What books cost

Last Wednesday, Donald and I went to hear my friend Max Gladstone read from his new book Three Parts Dead, at the Harvard Book Store.  I bought a copy of the book so Max could sign it (and so I could read it, obviously).  I purchased the hardcover from the Harvard Book Store even though I would have preferred to buy the Kindle e-book.  I have too many books, and I don’t have shelf space for all of them in my apartment.  However, I was there, and I figured that the Harvard Book Store would be more likely to give Max the opportunity to do readings upon the release of future novels if they sold a lot of copies.

I paid $24.99 plus 6.25% sales tax for the hardcover, for a total of $26.55.  Just out of curiosity, I checked the price on Amazon.  $11.99 for the Kindle.  $13.58 for the hardcover.  Even if I didn’t fall for Amazon’s “buy more stuff you don’t need to get free shipping” ploy, it would have been only another $3.99 for shipping, for a total of $17.57.

The Harvard Book Store has the following on the bottom of the register receipt I received:

How much money stays in your community when you spend $100?
At a locally owned business: $68
At a chain store: $43
At Amazon: $0

I do care about supporting local businesses (I buy most of my produce, at least late spring through fall, at a local farm.  I buy most of my meat from a Massachusetts farmer.).  I think independent bookstores are an asset to a community, in part because they can connect authors with readers, face-to-face, at events like Wednesday’s reading.  I have serious concerns about Amazon, from their blatant attempts to monopolize bookselling and publishing, to reports of unfair labor practices in their warehouses.  I don’t begrudge the Harvard Bookstore my $26.55.

But I question whether guilting people into buying things they didn’t want (hardcover vs. e-book), at a 50% premium, is, in the long term, a sustainable business model.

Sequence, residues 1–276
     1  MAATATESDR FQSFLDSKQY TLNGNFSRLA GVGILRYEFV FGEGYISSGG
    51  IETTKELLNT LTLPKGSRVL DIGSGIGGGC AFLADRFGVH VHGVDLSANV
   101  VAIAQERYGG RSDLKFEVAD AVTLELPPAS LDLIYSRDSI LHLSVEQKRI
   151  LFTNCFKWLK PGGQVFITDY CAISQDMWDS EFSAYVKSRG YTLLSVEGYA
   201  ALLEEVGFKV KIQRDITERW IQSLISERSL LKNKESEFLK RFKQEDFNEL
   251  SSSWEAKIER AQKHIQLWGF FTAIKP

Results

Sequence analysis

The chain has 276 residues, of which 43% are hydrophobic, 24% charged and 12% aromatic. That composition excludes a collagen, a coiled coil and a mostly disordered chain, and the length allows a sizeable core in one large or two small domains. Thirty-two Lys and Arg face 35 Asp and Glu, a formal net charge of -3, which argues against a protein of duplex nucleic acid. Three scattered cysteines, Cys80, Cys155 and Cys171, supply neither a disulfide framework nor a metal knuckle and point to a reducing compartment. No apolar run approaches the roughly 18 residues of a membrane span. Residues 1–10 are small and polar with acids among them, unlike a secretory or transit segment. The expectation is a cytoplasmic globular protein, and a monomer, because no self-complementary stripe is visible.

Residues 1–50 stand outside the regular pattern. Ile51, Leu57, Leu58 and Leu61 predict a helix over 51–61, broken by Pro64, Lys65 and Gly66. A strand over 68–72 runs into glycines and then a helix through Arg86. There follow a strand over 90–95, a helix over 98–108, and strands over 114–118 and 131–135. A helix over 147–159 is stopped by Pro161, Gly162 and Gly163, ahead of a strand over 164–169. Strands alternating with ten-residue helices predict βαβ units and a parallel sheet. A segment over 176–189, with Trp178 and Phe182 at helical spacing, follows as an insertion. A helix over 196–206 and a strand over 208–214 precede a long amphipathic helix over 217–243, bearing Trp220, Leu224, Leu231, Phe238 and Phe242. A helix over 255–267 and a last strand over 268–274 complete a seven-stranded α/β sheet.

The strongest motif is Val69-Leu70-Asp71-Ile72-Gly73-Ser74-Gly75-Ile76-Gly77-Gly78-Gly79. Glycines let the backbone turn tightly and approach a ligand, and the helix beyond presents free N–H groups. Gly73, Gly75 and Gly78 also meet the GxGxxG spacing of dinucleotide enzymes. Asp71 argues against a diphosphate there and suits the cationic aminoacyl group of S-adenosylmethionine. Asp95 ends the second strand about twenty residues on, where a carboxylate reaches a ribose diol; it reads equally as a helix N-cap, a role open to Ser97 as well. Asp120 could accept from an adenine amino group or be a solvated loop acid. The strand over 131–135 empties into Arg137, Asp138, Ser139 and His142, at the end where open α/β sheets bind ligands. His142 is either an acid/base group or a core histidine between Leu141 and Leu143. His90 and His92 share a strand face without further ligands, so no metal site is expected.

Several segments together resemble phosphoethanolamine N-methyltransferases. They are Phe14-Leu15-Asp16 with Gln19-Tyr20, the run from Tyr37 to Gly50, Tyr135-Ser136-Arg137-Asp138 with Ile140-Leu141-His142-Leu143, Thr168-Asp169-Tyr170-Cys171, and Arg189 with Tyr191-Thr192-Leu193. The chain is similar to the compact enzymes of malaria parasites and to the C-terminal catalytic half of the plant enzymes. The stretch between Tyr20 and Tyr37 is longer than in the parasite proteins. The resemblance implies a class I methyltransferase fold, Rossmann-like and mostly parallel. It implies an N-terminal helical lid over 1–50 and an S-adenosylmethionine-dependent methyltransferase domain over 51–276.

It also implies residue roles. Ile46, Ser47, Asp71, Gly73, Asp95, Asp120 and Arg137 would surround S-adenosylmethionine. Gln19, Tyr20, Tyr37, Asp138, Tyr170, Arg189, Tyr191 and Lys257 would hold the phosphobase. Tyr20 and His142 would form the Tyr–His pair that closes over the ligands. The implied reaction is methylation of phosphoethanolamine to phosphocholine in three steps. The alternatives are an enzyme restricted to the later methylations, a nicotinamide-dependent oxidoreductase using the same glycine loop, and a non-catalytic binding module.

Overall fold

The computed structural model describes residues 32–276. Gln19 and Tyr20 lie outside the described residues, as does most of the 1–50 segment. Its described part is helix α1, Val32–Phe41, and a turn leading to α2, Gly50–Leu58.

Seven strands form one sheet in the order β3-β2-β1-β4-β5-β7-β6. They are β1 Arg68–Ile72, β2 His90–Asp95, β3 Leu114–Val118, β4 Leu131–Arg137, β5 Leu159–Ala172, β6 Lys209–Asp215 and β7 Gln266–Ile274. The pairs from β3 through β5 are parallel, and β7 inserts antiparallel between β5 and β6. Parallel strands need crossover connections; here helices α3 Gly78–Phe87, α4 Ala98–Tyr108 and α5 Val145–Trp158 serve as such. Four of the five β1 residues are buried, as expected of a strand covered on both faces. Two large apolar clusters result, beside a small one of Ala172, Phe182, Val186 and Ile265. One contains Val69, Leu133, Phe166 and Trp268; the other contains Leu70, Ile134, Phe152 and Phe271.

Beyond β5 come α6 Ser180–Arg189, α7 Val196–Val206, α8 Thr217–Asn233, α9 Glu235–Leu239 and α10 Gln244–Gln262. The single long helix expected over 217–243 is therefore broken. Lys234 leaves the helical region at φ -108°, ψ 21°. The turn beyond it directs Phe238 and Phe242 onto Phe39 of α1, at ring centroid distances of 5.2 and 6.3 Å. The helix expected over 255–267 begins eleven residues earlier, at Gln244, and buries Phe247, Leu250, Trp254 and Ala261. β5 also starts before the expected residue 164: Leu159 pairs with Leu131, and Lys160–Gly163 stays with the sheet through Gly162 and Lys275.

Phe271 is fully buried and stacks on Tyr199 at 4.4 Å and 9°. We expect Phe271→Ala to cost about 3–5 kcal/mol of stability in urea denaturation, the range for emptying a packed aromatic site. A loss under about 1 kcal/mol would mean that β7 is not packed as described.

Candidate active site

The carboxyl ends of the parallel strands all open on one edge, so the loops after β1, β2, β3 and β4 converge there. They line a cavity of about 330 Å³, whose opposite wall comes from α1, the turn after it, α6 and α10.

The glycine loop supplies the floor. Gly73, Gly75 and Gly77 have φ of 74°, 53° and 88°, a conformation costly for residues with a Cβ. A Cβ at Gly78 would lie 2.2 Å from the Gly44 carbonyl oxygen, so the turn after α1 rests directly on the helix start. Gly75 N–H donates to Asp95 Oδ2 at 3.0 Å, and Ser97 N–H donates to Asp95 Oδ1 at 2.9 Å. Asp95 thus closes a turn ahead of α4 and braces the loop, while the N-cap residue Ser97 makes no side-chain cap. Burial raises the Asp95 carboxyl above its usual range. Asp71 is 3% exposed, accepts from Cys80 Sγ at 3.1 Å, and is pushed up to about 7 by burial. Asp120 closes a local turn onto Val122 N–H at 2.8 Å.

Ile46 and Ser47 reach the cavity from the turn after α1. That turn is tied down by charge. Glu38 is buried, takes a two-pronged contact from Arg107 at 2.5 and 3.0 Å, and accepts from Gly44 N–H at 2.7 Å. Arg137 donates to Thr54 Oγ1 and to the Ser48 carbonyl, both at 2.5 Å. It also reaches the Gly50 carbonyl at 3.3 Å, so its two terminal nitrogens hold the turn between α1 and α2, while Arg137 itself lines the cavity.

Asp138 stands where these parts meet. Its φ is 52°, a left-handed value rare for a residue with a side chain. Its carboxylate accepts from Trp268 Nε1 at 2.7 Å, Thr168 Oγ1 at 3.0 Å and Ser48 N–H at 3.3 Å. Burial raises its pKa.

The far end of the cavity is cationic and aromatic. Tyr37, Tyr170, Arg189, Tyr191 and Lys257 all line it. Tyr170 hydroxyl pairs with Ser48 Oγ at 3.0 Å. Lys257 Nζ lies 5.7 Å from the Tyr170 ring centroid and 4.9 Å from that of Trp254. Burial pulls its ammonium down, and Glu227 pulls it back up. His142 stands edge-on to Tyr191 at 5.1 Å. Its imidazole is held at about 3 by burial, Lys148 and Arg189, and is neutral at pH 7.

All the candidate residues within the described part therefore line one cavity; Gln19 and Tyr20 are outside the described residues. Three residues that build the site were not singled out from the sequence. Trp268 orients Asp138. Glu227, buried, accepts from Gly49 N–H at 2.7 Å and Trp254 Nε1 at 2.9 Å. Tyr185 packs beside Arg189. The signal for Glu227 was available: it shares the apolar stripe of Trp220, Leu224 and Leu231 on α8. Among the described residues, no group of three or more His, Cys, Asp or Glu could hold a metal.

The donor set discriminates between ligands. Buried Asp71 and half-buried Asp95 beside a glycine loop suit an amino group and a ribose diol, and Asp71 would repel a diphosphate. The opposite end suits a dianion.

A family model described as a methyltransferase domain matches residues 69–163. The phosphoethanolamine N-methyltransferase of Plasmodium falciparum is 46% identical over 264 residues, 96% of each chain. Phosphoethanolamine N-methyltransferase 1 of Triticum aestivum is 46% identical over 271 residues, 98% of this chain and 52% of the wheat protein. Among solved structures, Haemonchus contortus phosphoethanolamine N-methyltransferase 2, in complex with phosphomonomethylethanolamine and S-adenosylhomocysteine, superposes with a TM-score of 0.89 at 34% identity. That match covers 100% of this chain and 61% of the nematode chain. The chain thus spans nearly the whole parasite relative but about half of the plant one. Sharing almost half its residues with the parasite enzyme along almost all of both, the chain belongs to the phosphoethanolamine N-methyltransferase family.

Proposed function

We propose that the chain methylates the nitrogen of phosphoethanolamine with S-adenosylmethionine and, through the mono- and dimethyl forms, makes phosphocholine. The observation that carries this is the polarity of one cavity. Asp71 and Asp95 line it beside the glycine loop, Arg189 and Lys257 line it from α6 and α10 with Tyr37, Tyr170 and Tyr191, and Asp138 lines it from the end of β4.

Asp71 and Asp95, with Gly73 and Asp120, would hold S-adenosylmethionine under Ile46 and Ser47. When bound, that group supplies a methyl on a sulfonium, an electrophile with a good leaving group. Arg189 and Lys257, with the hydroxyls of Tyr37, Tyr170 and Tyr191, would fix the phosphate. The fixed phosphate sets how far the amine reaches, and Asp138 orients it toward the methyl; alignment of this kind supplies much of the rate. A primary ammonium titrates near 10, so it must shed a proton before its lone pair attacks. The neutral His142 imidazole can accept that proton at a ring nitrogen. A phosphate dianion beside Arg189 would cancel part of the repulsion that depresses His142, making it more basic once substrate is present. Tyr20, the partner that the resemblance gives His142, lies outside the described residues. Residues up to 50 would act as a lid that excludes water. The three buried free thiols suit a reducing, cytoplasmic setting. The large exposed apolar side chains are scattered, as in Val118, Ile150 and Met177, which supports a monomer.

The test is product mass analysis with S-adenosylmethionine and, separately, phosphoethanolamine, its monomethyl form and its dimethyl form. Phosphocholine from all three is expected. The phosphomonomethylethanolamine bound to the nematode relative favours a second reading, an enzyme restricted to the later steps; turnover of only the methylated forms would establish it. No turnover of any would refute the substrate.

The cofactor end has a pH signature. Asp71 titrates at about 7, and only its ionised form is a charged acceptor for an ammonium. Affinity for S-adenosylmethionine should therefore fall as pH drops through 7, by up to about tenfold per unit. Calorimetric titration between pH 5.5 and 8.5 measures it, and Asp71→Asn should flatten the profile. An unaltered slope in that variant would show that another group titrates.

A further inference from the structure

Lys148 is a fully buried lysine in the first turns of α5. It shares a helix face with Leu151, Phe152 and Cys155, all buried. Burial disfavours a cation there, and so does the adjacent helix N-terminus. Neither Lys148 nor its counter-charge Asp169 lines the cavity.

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2 Responses to What books cost

  1. I’m sick to death of bookstores, especially indie ones, trying to guilt and insult people who like ebooks. I LIKE EBOOKS. I like not needing to carry around 10lbs of books whenever I go on vacation. I like shopping for obscure books that the bookstores can never get for me and I can get at 2am while in my PJs.

    Guilt does not make me want to go to indie stores to buy their books. Gouging authors and asking for larger cuts when they do book signings because of the “horrible” ebook readers does not make me want to book with indie stores. Insulting people who read and/or write ebooks as “not real writers/readers” because ebooks aren’t “real” books is not giving me any reason to walk inside their doors.

  2. Kristin says:

    To be fair, this particular bookstore does sell Google e-books, including my friend’s, through their website, using the IndieBound Reader app. I checked, and the book I purchased was available for $11.99, same price as the Kindle edition. I had to do some digging through their website to find this information, though, as it’s nowhere on their home page. If you search for a book or type of book, then you get to the Google e-books sidebar. Unfortunately, Google e-books are apparently not compatible with the e-ink Kindle I own, only the Kindle fire. And I prefer e-ink over a backlit screen. If I bought an e-book from them, I’d have to read it on either a computer, or my smart phone.

    In one sense, I don’t mind the bookstore charging what they think they need to charge, or not promoting e-books if they like paper books better. I just think it’s sad, because they aren’t going to survive if they can’t provide what customers actually want.

    They do have an Espresso Book Machine, which is kind of cool, but again, that makes paper books I don’t want.

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